By Rob Allanson

Welcome to Whisky Magazine

Well by the time you read this the epic Bowmore Ben Nevis Challenge will be over and I will probably not be looking forward to tackling any big flights of stairs in a hurry.

I have never been in a room where the collective inhale of breath was quite so palpable as when challenge leader Ken Hames told us that this was the toughest challenge in the United Kingdom of its kind; and this from a long serving SAS officer and hardened adventurer.

Essentially the Ben Nevis event, supporting Capability Scotland, Scotland’s best known disability organisation, sees teams of disabled and non-disabled people work together to take on the challenge of scaling the UK’s highest peak.
The scale of the feat was brought home during a recent training weekend on Ben Ledi near Callander.

Although we have all been together for a previous training weekend, the idea is to form a slick unit that works as one, and this is what the Ben Ledi expedition was all about.

You very quickly managed to get the measure of yourself, not just in terms of physical fitness but mental strength as well. Also it is about forming a bond of trust between everyone, learning each others’ strengths and weaknesses.

We set off knowing that the path up the Ben deteriorated too much to get the specially adapted wheelchair to the summit, but there were enough technical sections to practise pushing, pulling, manoeuvring and manhandling the chair over obstacles and the mountainside terrain.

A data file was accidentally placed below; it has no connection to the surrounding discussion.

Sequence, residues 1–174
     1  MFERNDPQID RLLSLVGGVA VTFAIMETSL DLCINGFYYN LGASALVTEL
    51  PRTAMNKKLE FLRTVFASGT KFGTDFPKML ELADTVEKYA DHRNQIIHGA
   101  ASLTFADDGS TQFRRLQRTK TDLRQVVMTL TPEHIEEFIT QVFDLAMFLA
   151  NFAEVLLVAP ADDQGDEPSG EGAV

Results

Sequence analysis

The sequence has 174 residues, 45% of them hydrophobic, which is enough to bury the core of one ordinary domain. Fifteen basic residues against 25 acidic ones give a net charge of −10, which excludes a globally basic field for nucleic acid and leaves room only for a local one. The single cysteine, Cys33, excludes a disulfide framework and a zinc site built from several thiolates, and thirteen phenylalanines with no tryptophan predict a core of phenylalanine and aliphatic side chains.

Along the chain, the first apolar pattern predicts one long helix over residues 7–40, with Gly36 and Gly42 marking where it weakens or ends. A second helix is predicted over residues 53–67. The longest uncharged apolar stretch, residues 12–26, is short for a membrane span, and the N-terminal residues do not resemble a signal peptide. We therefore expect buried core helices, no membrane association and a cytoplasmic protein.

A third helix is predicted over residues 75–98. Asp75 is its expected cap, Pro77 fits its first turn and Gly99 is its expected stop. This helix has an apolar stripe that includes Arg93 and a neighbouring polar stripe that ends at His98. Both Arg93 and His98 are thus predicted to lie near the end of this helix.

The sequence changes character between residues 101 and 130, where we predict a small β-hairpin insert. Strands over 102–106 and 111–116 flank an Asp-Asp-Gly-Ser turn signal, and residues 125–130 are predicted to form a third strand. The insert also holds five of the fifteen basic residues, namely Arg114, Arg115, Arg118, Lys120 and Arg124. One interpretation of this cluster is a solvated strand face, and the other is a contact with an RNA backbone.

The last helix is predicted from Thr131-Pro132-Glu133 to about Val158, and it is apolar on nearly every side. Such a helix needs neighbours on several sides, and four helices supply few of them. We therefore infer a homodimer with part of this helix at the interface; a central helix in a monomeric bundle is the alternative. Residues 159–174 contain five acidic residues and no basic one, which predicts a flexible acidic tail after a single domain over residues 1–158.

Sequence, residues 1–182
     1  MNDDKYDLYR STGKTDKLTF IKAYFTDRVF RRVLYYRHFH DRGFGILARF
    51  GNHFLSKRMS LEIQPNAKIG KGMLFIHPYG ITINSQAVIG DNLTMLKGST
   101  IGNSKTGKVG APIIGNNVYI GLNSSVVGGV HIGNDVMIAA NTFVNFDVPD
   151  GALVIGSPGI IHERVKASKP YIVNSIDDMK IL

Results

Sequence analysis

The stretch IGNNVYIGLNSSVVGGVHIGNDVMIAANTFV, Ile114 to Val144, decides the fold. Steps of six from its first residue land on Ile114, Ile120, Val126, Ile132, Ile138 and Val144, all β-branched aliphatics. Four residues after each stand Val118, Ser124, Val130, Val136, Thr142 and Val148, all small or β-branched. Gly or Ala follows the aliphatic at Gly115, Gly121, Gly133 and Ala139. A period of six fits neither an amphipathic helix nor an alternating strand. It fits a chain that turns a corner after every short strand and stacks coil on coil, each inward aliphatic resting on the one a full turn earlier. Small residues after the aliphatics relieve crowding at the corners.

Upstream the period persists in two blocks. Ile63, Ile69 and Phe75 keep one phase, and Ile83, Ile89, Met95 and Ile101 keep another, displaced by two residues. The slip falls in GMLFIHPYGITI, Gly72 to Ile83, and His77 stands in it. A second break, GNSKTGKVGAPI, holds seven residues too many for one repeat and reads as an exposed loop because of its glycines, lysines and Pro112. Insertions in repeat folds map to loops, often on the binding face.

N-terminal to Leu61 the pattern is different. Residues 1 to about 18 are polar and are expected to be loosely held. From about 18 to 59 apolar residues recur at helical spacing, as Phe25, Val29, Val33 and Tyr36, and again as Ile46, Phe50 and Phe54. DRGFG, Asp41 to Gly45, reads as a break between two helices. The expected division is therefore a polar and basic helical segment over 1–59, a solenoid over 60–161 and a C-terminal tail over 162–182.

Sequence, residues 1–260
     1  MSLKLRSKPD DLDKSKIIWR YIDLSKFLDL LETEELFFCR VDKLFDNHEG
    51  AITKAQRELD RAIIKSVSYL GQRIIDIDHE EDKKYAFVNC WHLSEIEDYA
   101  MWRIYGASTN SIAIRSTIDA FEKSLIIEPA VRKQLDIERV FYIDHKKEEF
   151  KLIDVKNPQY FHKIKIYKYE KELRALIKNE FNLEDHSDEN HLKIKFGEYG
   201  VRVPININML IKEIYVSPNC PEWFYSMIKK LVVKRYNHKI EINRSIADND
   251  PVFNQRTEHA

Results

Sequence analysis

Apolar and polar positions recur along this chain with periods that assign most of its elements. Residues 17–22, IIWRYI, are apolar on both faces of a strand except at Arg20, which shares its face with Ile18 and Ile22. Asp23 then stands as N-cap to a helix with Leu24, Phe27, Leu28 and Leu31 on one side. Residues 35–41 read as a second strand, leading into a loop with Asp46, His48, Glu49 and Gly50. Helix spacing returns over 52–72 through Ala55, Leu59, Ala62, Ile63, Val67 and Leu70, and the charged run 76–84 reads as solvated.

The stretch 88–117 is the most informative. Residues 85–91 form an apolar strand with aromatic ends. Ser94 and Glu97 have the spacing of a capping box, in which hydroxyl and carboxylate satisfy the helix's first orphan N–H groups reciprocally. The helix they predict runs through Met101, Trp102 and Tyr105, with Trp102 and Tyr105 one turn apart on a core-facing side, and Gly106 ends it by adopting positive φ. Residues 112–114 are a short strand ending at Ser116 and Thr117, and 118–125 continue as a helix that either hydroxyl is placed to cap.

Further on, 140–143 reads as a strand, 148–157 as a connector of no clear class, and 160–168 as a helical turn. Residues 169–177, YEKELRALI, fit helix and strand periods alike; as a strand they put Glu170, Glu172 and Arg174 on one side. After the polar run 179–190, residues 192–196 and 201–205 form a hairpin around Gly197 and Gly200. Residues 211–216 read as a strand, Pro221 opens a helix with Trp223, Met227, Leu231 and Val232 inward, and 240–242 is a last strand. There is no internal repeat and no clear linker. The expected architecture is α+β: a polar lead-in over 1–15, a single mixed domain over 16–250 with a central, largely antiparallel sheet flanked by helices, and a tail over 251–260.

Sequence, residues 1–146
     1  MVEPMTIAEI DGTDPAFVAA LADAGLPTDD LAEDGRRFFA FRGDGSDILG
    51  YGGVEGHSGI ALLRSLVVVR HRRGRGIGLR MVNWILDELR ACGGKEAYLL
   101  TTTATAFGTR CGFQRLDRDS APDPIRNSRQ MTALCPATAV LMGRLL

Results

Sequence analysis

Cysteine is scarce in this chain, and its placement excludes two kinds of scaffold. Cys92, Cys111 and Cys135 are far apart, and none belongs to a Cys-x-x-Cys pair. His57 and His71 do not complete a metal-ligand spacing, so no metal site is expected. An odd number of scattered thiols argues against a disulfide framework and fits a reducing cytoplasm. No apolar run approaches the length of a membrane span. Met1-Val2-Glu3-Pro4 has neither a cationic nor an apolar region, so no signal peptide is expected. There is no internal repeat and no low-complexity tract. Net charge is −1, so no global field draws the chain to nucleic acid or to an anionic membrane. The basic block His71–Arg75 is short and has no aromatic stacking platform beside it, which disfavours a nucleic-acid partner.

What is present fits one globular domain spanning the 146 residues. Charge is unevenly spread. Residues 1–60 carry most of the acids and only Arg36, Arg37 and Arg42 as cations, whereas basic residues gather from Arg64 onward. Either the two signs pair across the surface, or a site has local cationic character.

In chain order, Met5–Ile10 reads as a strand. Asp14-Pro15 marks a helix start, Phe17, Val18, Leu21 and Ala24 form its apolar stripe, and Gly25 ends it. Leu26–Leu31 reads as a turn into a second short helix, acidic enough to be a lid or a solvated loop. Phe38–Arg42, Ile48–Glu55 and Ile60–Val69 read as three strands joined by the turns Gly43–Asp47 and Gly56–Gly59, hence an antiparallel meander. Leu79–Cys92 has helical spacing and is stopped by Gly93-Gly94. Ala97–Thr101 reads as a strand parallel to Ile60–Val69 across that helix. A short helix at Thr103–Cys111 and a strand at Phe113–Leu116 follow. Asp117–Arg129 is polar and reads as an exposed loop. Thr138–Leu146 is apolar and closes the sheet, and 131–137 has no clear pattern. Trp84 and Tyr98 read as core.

There are moments I have to say when you think you are going to die, or at least explode. That said there was a real sense of elation having reached our goal for the day and returned; that was just a little hill. The Ben is another 2,000ft on top of it. There will be some emotion and elation when we summit out on it. One thing for certain, this will be a life changer in many ways.

How will we celebrate? Well I for one will be carrying my little silver hip flask filled with something special, just as I did on Ben Ledi. A nip of the fruity and floral Aberfeldy 21 Years Old was a most welcome reward.

Whisky in the great outdoors, exactly where it should be enjoyed, connected to the land and the hills.

No other drink has such a connection to the place it comes from, and drinking it outside, especially surrounded by Scotland’s dramatic landscape. Mind you wandering into the back garden late at night with a dram is just as good. These moments for me are all about taking things slow, not being over analytical with the whisky, just sipping and savouring.

This also got me thinking about hip flasks, a great addition to the whisky traveller’s bag, and it does not take up much space. But how useful an item? In this modern age a hip flask harks back to a slower time. Also they are nice things to hold: smooth and cool.

No, I do not think carrying a hip flask is the sign of an alcoholic. It is the mark of a person who is prepared enough when travelling to have the fore thought and wherewithal to plan. When are you really going to find your favourite tipple hidden in the depths of a mini bar? That should be a very swift and short answer: never.


Investment drams



Alasdair Day

The Tweeddale Blend
www.stonedean.co.uk

What whisky have you bought to keep?
An old bottle of Haig Dimple from 1952.

What whisky will you sell or open soon?
I’ll open a bottle of Caol Ila 18 Years Old –the 12 Years Old is special, but the 18 Years Old is magic indeed!